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Saturday, May 10, 2008

Read it and weep

I am reading a lot at the moment. Since finishing the first volume of Proust's monster, pretty much anything seems manageable. Also, I've been doing a fair amount of being detained at British Airways' pleasure, so I've managed to plough through several novels in the last few weeks. Not my usual stuff either... the sheer speed I've been consuming literature means I've been scraping the barrels (or the shelves) for books lent to me years ago that I never quite wanted to read. So I am expanding my mind, if nothing else.

Today I have been reading short stories by Roald Dahl. I read many of these when I was about eleven, but it was such a long time ago, I thought I'd refresh myself. And - writing about this pains me, as I was a massive Matilda, The BFG and Charlie and the Chocolate Factory fan growing up... but Christ, isn't Dahl relentlessly misanthropic and misogynistic? I appreciate that culturally we're living in different times, so I have to try and view them in their original cultural context, but the stories are all about dutiful wives not being dutiful enough, or women plotting the murder of their husbands. Not exactly uplifting. As far as children's literature goes, I think kids love the gruesome and Dahl got it exactly right, but I just don't remember his children's books being quite so bleak.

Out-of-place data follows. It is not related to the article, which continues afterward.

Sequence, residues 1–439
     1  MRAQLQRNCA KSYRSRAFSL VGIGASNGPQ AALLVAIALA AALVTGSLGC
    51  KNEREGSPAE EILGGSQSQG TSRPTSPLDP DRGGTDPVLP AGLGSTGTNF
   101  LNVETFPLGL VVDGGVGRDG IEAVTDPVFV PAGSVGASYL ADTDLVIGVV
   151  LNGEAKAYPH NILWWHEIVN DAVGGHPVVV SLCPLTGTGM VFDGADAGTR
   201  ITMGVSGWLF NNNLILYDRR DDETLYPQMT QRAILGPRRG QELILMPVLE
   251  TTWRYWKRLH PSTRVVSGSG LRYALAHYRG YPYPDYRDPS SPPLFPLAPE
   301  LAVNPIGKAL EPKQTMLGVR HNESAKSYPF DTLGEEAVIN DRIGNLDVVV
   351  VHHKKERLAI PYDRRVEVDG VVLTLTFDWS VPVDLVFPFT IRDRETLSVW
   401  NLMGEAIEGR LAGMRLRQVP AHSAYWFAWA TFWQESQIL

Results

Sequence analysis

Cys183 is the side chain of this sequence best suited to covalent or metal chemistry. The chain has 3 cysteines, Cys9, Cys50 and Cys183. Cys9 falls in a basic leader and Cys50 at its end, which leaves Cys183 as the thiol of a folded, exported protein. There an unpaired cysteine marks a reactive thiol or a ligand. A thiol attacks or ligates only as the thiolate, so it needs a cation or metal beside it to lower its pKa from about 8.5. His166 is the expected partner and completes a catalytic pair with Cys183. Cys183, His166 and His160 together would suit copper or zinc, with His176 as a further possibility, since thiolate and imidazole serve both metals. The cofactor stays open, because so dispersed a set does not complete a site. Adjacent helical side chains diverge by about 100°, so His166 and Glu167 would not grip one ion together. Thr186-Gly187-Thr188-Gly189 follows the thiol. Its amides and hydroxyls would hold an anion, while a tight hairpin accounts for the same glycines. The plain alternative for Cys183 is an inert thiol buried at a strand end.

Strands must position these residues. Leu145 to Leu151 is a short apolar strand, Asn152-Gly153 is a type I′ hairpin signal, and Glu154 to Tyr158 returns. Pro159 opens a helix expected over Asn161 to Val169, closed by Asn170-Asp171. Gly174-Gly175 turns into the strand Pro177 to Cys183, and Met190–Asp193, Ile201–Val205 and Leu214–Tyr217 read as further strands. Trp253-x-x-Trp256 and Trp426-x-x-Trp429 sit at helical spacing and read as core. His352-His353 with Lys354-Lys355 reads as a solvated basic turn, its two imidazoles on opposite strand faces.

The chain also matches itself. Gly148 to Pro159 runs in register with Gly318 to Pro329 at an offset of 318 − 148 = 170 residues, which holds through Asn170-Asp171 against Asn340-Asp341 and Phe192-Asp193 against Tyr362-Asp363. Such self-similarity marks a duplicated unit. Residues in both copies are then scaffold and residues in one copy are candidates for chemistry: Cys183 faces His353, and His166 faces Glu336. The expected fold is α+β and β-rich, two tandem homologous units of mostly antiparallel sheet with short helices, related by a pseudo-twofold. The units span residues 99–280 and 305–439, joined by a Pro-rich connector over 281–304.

Still, I've only read about ten stories so far, so perhaps I'll turn the corner and discover the joy.

I was always a particular fan of Matilda. For those who've never read it, Matilda is a child genius with horrible parents and a loathsome headteacher. Unchallenged at school, Matilda's genius manifests itself into telekinesis (a bit like Carrie, I suppose, but a bit more benign). As a seven year-old, I would stare steadfastly at a piece of chalk, willing it to move. It never did. I guess this might mean I'm not a genius.

Anyone seeking further proof of this can reference last night where I played Portal on the XBox for about an hour without realising that you go in the blue door and out the red door. Every level. For an hour. I spent ages wandering round confused, thinking it was all random. A game that relies on sense of direction was not created with Laura in mind.

2 comments:

Jo said...

Yay! You got Portal. Isn't it brilliant?

Laura said...

No. I get lost, confused and disoriented. It reminds me of trying to navigate around Loughborough's one-way system.

L x